When Nick Young (Henry Golding) asks his girlfriend Rachel Chu (Constance Wu) to fly with him from Manhattan to Singapore for his best-friend’s wedding, she has no idea what lies ahead.

Unbeknownst to Rachel, Nick is Singapore’s richest, most eligible bachelor. And no one, least of all his icy mother (Michelle Yeoh) and imperious grandmother (Lisa Lu), understands why he’s chosen this NYU economics professor, a Chinese-American raised by a single, working-class mother (Tan Kheng Hua).

Unsuspecting Rachel is immediately confronted by a sybaritic wonderland of extravagant wealth and undermined by catty, status-conscious rivals for Nick’s attention and affection.

Rachel’s only confidante is sassy Peik Lin Goh (hip-hop’s Awkwafina), her Singaporean college pal who lives with her ostentatious, nouveau-riche parents (Ken Jeong/Koh Chieng Mun).

And even though Nick’s glamorous sister, elegant Astrid Leong (Gemma Chan), empathizes with Rachel’s dilemma, she’s dealing with her own marital complications.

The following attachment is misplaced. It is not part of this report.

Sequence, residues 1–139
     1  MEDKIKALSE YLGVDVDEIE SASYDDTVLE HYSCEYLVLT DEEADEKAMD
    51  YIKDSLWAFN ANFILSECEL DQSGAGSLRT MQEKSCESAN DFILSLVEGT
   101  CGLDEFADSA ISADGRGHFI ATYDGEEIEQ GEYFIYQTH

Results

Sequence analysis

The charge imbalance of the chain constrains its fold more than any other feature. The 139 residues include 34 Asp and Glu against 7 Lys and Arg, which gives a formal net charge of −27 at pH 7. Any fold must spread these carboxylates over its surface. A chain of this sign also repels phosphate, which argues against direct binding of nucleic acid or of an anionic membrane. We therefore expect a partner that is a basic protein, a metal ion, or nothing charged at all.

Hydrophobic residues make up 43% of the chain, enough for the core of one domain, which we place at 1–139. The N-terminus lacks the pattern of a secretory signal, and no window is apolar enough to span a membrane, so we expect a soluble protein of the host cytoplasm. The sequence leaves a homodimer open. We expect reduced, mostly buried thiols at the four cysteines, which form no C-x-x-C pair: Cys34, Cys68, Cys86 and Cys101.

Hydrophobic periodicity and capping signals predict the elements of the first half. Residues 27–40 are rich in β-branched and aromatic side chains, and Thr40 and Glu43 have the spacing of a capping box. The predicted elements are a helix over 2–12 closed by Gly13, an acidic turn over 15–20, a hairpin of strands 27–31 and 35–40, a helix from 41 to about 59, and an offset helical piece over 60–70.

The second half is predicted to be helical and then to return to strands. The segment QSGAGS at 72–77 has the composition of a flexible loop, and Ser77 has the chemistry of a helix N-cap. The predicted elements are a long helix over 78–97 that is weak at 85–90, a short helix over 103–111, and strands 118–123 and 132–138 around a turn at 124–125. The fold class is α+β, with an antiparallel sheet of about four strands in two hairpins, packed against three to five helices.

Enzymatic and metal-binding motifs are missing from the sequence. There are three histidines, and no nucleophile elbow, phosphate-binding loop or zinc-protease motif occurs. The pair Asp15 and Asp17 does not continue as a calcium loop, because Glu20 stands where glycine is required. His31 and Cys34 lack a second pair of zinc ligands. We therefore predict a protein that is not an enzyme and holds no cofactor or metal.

American culture is presented as prioritizing one’s passion for career/happiness, while proud Chinese tradition favors family, even if that means individual sacrifice. It’s touch-and-go until savvy Rachel triumphs in a Mahjong showdown with dignity, integrity and class.

And stick around for Astrid’s bonus, mid-credit scene with billionaire Charlie Wu (Harry Shum Jr.), perhaps signaling a sequel.

Based on Kevin Kwan’s 2013 best-seller about China’s competitive super-rich, it’s adapted by Adele Lim & Peter Chiarelli and directed by John M. Chu, who astonishes with a $30 million budget, working closely with the Malaysian and Singapore governments for access to the Marina Bay Sands’ rooftop with its spectacular infinity pool, Chijame Hall as the wedding chapel and Gardens By the Bay for the reception.

While most of the opulent jewels, expensive watches and frothy fashions were borrowed from high-end designers/dealers, Michelle Yeoh’s emerald ring was from the actress’ own collection.

FYI: This is the first Hollywood studio movie since Wayne Wang’s “Joy Luck Club” (1993) to have an all-Asian/Asian-American cast. And producers turned down a seven-figure Netflix offer in favor of a theatrical release.

Despite uneven pacing, on the Granger Movie Gauge of 1 to 10, “Crazy Rich Asians” grazes a dazzling 9, an enchanting romantic comedy that shatters Asian stereotypes.